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Digestion is often a mindless process for us—unless something goes wrong. Digestive disorders impact as many as 70 million people in the United States. Too many of them think that popping an antacid is the solution, but that only adds to the problem.
Supporting your digestion in ways that will promote ongoing health is a fundamental part of wellness. Why? Your nutrition is only as good as the food that your body can digest and absorb. You can eat all the healthy foods in the world, but if your body can’t extract nutrients from them, you will still be malnourished and unwell.
Common Digestive Problems
Your digestive system starts with the mouth and includes the esophagus, stomach, small intestine, and large intestine. It also heavily relies on other organs to function properly, including the gallbladder, liver, and pancreas.
Digestive problems can occur in any part of the digestive system, but some of the most common issues include:
- Chewing difficulties relating to oral health or jaw problems
- Swallowing problems
- Acid reflux, GERD, or heartburn
- Stomach ulcers
- Low acid levels due to chronic use of antacids
- SIBO (small intestinal bacterial overgrowth)
- Leaky gut
- Celiac disease
- Irritable bowel syndrome (IBS)
- Inflammatory bowel disease (IBD) like Crohn’s or colitis
These can range from mild to serious, but the symptoms for many of these are overlapping. Heartburn, indigestion, belching, and bloating are common signs that something is “off” with your digestion. Chronic constipation or diarrhea are also indicative of issues, and symptoms of digestive problems can extend throughout the body, including skin conditions, neurological symptoms, pulse and blood pressure changes, and more. (If you experience digestive symptoms that are persistent, you should always check in with your healthcare provider for testing and treatment.)
Antacids and prescriptions to “fix” digestive problems only put a bandaid on the issue. Plus, they come with side effects that may create a whole new set of problems. This is where conventional medicine usually goes wrong. Instead of looking for the underlying source, they only seek to mitigate the specific symptoms.
Natural Ways to Support Digestion
You can support optimal digestion in many ways. If you have a diagnosed digestive problem, you should work with your healthcare provider to find a holistic approach for treatment. To promote good digestion and to prevent problems, consider adopting the following digestive-friendly approach:
- Eat mindfully. Too often we eat in a state of stress, rushing through meals while barely chewing food. Slow down and chew your food thoroughly. Put away distractions while you eat and savor each bite. When your food enters your stomach partially chewed, you have to work harder to break it down. This could result in sending food on to the small intestine that is also not fully broken down, hindering absorption, and exacerbating conditions like SIBO.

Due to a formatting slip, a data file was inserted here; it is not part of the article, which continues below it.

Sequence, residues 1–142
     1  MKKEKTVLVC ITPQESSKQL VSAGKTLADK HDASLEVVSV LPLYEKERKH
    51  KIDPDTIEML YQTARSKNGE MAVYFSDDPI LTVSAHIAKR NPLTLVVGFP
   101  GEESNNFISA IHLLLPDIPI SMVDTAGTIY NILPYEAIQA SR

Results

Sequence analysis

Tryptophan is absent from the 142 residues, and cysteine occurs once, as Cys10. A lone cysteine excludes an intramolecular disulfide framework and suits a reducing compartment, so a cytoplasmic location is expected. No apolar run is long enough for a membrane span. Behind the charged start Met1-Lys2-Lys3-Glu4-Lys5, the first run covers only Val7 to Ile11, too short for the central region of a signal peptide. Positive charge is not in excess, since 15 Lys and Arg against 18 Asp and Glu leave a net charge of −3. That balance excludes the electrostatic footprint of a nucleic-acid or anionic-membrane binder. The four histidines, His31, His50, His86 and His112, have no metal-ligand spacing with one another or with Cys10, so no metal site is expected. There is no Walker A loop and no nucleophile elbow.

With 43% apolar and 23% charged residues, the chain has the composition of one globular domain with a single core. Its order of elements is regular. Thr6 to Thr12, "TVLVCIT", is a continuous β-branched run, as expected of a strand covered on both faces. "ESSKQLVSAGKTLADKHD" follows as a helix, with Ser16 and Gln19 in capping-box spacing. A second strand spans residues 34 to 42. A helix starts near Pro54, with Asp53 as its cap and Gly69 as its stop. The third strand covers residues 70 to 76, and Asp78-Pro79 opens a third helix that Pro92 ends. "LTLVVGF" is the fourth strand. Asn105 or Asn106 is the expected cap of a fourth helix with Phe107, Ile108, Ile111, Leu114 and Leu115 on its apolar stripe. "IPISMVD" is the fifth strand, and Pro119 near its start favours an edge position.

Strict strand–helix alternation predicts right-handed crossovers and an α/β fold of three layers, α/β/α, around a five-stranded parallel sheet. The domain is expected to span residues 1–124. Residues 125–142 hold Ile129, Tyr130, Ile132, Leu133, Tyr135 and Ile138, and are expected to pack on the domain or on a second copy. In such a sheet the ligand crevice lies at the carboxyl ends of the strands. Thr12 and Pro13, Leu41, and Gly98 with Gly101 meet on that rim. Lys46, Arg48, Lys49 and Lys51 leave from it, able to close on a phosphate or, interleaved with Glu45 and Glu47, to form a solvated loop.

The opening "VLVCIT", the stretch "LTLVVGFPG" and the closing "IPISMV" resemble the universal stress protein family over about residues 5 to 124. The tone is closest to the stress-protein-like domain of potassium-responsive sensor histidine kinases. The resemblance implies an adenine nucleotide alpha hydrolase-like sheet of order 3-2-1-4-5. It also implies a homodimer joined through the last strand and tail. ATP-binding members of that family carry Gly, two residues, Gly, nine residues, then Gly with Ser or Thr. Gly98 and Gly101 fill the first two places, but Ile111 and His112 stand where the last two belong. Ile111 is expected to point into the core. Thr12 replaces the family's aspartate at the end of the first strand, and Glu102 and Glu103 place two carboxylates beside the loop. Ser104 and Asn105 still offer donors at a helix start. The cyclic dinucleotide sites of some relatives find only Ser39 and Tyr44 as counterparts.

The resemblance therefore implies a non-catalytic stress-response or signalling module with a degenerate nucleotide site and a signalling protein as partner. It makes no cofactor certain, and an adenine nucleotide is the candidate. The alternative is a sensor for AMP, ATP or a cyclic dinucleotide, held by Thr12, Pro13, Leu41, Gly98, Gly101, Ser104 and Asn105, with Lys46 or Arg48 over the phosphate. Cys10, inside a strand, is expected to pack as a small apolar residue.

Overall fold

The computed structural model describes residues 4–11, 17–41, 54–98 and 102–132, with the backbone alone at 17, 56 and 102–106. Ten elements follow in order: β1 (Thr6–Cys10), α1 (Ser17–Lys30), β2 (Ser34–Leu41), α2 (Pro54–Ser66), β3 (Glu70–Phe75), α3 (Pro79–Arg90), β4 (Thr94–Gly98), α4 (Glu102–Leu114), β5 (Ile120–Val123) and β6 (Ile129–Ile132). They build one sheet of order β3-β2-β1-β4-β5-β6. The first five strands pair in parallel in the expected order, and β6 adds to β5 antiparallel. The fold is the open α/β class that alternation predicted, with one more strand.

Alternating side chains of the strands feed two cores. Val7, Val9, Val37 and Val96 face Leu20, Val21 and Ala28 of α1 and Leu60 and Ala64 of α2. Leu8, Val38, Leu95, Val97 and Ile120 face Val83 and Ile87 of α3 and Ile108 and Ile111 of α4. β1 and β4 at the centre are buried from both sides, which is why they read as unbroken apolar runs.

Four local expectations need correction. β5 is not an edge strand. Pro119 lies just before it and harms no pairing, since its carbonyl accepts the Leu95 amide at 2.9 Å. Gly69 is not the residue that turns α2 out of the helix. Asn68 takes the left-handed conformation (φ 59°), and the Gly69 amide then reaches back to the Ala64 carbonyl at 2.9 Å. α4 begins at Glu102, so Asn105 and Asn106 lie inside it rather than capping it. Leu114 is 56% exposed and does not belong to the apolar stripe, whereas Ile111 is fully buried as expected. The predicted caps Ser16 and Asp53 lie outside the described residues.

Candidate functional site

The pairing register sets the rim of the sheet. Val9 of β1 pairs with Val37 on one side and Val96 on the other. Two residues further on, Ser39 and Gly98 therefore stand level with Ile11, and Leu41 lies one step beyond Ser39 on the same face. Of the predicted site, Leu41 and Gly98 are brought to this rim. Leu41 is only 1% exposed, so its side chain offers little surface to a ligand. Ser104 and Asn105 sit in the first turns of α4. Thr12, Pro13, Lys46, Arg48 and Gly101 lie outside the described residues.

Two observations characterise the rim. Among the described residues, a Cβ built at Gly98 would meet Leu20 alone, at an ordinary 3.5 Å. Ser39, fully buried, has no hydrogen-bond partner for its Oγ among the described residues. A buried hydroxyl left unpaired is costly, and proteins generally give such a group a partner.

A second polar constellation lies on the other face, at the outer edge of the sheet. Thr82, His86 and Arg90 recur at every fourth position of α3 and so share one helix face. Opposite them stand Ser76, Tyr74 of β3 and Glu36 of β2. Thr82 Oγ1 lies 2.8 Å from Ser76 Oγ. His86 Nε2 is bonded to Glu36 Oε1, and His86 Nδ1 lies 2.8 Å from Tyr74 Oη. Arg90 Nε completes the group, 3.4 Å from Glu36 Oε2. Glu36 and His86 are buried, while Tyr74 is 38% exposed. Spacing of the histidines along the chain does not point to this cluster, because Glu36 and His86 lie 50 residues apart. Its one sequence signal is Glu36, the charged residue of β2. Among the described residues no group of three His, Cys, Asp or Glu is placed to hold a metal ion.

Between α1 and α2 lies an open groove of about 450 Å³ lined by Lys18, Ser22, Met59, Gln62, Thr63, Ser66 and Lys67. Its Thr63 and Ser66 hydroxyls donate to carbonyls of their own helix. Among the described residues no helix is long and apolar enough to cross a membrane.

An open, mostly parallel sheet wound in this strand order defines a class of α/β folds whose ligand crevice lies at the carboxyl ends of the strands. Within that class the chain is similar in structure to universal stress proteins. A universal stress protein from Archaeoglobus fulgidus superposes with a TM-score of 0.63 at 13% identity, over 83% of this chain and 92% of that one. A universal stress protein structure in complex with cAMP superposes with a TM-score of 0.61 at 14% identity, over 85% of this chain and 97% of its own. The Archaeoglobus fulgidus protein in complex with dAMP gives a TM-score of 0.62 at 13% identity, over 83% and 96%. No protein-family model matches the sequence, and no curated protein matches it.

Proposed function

- Eat prebiotics and probiotics. Prebiotics are foods that nourish the good bacteria that live in your gut. Probiotics are the good bacteria themselves. You need both on a consistent basis for a healthy microbiome and an overall thriving digestive system. You can get these by eating a range of healthy, prebiotic foods like garlic, onion, leeks, and asparagus, as well as by including fermented foods in your diet on a regular basis. When needed, you can also supplement with probiotics.
- Maintain proper hydration. Your digestive system needs water to effectively function. Dehydration can lead to poorer nutrient absorption and can worsen constipation. Drink plenty of water and herbal tea throughout the day, but don’t guzzle fluids with your meals.
- Avoid processed foods. Foods that aren’t in a completely natural state are harder for your body to digest. Eating foods that are whole and unprocessed will facilitate better digestion.
- Soak and/or ferment foods that contain antinutrients. While nuts, grains, and seeds can offer some benefits, they are more easily digested when they are properly prepared. Soaking or fermenting can decrease the level of antinutrients while allowing the foods to break down more easily during digestion. When eaten in moderation as part of an ancestral diet, these foods can be beneficial.
Today’s Simple Step
Even in the midst of a chaotic schedule, taking time to eat your meals with focus and calm can produce health benefits that extend throughout your day. Every time that you eat today, minimize distractions and try to focus on chewing and sitting in a comfortable but upright position to allow for optimal transport of foods from the mouth to the stomach. Eating when you are slouched over can result in more heartburn or digestive discomfort.
This Shaved Asparagus and Watercress Salad is a great example of a food that contains prebiotics, plus other nutrients like vitamins, minerals, fiber, and more.